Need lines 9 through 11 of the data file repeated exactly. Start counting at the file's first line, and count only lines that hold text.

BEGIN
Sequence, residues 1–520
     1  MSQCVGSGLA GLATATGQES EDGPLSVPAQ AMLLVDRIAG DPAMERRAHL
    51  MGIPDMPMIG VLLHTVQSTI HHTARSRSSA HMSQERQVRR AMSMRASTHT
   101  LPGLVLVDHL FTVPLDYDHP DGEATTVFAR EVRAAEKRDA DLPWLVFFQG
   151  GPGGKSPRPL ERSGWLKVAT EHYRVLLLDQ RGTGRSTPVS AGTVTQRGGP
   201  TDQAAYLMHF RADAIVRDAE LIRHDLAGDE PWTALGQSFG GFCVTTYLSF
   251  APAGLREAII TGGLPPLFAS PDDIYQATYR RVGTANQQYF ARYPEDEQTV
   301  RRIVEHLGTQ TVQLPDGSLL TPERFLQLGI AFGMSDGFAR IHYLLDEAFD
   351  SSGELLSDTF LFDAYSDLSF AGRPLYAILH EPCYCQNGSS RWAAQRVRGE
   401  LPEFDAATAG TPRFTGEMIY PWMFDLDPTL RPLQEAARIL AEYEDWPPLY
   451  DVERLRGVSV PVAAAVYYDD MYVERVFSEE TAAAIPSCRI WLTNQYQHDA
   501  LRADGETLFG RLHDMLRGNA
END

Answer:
   351  SSGELLSDTF LFDAYSDLSF AGRPLYAILH EPCYCQNGSS RWAAQRVRGE
   401  LPEFDAATAG TPRFTGEMIY PWMFDLDPTL RPLQEAARIL AEYEDWPPLY
   451  DVERLRGVSV PVAAAVYYDD MYVERVFSEE TAAAIPSCRI WLTNQYQHDA